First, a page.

BlueNalu and Pulmuone strike deal to bring cell-based seafood to South Korea
The agreement accelerates BlueNalu’s introduction to the Asian marketplace
10 Jul 2020 --- BlueNalu, a California-based food technology company specializing in cell-based seafood, has signed a Memorandum of Understanding (MOU) with Pulmuone, a South Korean headquartered company, to bring cell-based seafood to the Asian marketplace. Pulmuone also participated in BlueNalu’s Series A round of financing, which was announced earlier this year. The announcement comes during a time when the global COVID-19 pandemic has increased awareness of potential vulnerabilities in the food supply chain. Cell-based seafood addresses sustainable food security and the crucial issues of traceability, transparency and safety, says BlueNalu.
The agreement marks the beginning of the first collaboration for BlueNalu in South Korea. It represents Pulmuone’s interest in the commercialization of cell-based seafood products that offer consumers healthy, trusted and safe solutions that are sustainable for the planet.
The companies will collaborate in marketing, regulatory, operations and distribution to bring BlueNalu’s products to markets in South Korea in the years ahead.
“Seafood in is an enormous global market, and we’re very excited about the opportunity to create a product that has all the benefits of seafood, but one that actually offers some other benefits as well, including being humane for sea life and sustainable for our planet,” Lou Cooperhouse, President & CEO of BlueNalu tells FoodIngredientsFirst.
“There is a global challenge with seafood supply, in that there is such a demand, but we have a very vulnerable and variable supply chain. It’s a worldwide phenomenon,” he continues. For BlueNalu, the opportunity in Asia is particularly important because the demand for seafood is far higher there than it is in other parts of the world. “In fact, in Asia, our data shows three to five times the per capita consumption occurs versus North America or Europe, so there is an increasing demand, and in the years to come, it will only get greater,” Cooperhouse stresses.
A paradigm shift?
According to Cooperhouse, the predictability of manufacturing seafood is quite a paradigm shift. “The other reality is that consumers are increasingly aware of the environmental impacts of the choices we as consumers make and the coronavirus pandemic has quite significantly affected the cell-cultured seafood space,” he declares.
“BlueNalu is hoping to secure a more secure supply chain minimizing the vulnerability that exists today,” adds Cooperhouse.
Consumers are looking for more transparency and confidence in the supply chain. There is increasing awareness around the challenges of the supply chain, the labor associated with catching fish, microplastics, and the potential for pollutants that might occur and be ingested through the fish that consumers eat, he notes. “That will increasingly become more of a problem as pollution occurs, but also as warming oceans with the effect of climate change, there is also the issue for the supply chain for variability and vulnerability.”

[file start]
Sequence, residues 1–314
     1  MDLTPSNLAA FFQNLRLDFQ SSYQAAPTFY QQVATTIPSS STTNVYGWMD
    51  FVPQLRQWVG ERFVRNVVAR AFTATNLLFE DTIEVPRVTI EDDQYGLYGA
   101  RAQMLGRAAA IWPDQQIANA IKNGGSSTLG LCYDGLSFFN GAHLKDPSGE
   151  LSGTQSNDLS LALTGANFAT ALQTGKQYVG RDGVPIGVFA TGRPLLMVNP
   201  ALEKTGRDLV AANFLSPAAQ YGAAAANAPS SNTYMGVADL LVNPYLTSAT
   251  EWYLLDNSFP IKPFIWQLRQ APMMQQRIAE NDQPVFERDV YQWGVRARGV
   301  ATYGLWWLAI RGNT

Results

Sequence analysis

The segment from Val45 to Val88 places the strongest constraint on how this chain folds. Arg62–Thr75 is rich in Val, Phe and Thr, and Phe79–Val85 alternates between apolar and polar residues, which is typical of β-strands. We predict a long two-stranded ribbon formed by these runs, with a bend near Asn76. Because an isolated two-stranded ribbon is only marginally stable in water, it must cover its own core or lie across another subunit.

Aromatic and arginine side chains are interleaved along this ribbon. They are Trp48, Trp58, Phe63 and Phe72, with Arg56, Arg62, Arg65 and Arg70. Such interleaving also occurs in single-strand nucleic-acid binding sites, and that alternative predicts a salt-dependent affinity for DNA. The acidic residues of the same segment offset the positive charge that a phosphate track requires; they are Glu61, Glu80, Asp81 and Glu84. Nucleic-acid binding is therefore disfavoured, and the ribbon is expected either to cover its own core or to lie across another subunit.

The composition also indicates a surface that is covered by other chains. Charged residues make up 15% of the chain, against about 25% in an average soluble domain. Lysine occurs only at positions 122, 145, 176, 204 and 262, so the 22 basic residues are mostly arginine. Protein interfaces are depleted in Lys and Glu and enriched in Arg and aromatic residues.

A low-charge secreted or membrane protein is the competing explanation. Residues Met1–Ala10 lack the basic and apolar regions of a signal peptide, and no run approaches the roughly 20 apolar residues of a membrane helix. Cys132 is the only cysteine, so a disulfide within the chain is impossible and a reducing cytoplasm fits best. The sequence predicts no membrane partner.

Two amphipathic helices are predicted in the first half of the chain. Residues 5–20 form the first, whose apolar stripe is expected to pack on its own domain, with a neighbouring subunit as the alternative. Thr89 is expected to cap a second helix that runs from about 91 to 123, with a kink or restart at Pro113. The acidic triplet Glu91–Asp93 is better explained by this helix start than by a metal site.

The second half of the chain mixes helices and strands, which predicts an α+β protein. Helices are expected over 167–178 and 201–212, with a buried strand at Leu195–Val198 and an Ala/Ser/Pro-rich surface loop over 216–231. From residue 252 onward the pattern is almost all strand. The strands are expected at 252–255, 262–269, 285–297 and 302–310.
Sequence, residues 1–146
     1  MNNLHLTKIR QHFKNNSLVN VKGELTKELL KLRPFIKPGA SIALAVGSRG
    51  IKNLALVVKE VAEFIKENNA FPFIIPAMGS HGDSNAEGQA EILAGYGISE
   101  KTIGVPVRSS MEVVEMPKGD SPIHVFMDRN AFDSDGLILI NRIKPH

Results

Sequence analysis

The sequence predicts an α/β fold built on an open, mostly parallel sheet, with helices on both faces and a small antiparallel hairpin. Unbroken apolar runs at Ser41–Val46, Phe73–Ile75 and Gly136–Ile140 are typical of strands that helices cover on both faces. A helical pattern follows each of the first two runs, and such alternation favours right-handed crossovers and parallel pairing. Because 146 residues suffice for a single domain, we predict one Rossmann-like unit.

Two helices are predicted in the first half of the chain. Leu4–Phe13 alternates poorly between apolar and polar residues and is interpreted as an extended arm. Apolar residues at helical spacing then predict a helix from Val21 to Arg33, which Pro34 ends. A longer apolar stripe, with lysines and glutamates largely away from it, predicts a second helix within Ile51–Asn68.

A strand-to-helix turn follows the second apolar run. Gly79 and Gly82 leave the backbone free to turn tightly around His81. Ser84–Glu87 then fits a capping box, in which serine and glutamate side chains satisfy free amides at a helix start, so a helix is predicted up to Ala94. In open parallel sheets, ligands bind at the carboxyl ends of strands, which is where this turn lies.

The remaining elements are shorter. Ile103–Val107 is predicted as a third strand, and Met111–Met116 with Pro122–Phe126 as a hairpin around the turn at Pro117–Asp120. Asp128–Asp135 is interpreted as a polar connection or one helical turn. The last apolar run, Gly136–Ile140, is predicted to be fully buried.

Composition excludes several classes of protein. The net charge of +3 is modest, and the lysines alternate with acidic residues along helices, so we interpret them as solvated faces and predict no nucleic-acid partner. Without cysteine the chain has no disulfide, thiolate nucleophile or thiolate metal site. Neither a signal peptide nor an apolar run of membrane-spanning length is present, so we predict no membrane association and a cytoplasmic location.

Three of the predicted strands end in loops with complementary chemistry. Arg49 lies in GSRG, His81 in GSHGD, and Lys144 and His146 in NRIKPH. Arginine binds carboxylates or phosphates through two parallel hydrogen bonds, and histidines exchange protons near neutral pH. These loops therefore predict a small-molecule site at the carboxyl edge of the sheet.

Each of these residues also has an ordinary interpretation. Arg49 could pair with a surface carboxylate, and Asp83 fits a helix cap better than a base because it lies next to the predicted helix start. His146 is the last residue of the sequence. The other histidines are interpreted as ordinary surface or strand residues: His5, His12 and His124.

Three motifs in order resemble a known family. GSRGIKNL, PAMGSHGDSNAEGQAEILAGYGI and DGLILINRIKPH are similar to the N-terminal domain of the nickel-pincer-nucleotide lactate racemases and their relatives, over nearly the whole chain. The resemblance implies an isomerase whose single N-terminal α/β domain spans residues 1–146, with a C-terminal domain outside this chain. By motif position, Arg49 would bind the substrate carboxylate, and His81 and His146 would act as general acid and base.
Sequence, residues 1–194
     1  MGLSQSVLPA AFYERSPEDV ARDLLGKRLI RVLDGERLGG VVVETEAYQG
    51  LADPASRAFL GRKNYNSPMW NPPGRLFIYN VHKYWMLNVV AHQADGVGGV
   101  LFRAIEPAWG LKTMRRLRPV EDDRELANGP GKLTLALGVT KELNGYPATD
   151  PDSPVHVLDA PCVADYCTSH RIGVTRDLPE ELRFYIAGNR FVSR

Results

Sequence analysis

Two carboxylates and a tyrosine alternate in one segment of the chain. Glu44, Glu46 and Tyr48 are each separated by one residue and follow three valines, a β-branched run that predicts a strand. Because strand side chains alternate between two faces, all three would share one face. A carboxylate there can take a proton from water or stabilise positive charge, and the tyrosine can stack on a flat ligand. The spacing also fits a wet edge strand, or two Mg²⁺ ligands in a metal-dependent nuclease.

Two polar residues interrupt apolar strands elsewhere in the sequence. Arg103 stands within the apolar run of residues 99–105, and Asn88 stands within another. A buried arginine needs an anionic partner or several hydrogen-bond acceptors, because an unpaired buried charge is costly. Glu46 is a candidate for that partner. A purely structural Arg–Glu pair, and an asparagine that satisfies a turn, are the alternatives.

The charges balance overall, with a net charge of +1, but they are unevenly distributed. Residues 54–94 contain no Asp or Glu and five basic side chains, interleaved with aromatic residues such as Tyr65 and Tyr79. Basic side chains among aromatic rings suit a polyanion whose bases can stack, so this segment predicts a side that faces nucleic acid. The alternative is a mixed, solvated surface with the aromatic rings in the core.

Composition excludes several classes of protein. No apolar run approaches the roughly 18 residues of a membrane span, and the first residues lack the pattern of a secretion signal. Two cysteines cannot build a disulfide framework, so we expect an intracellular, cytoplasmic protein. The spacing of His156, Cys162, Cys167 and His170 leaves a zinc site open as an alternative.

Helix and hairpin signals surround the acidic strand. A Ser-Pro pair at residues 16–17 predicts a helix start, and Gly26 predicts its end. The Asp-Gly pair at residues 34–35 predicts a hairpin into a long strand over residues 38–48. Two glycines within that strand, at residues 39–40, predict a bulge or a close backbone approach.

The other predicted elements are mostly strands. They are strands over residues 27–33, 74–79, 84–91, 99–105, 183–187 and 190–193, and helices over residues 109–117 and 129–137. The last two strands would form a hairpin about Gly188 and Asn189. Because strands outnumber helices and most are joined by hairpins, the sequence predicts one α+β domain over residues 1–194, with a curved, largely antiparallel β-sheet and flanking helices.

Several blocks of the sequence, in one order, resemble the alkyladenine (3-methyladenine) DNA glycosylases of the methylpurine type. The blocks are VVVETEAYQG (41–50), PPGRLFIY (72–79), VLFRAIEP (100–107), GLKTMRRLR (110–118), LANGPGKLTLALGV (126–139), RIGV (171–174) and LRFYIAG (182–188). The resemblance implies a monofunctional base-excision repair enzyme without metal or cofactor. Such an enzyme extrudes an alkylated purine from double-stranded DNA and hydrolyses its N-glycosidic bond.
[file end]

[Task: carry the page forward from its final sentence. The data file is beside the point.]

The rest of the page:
“The opportunity to manufacture our cell-based seafood offers a significant food security solution that gets us very excited. Also, many nations around the world see this as a solution to feed their growing populations.”
“We’re very excited to announce this relationship with Pulmuone to launch our products in South Korea, to bring all the benefits of seafood and more sustainable solutions for the consumers in the Asian markets,” he affirms.
The global demand for seafood is increasing, particularly in Asia, where the two companies believe cell-based seafood can supplement the current supply of wild-caught and farm-raised fish. BlueNalu’s cellular aquaculture technology will allow it to produce a wide array of seafood products from various species, without genetic modification. It will be free of microplastics, toxins, mercury and other environmental contaminants.
“This agreement with Pulmuone represents our shared values and respect for healthy families, a healthy ocean, and a healthy planet,” states Cooperhouse. “We plan to launch BlueNalu cell-based seafood products initially in the US, but we also recognize there is significant and increasing market demand for high-quality seafood in South Korea, while supply becomes increasingly vulnerable.”
When will industry see cell-based seafood on a commercial level?
According to Cooperhouse, cell-cultured seafood at a commercial level could be sooner than many people think.
“If you asked that question a year ago, we might have said a long time away. However, BlueNalu and some of our peers doing cell-based meats in the category are getting very close to the market. We feel very confident that it could be just one year away, in the latter half of 2021 we will be launching our products from our California facility in a small way,” he comments.
This launch in 2021 will get cell-based seafood into the commercial marketplace, which will be a huge milestone for BlueNalu. “However, large-scale production of the first factories I predict will be somewhere in 2024 or 2025,” Cooperhouse hints.
By Elizabeth Green
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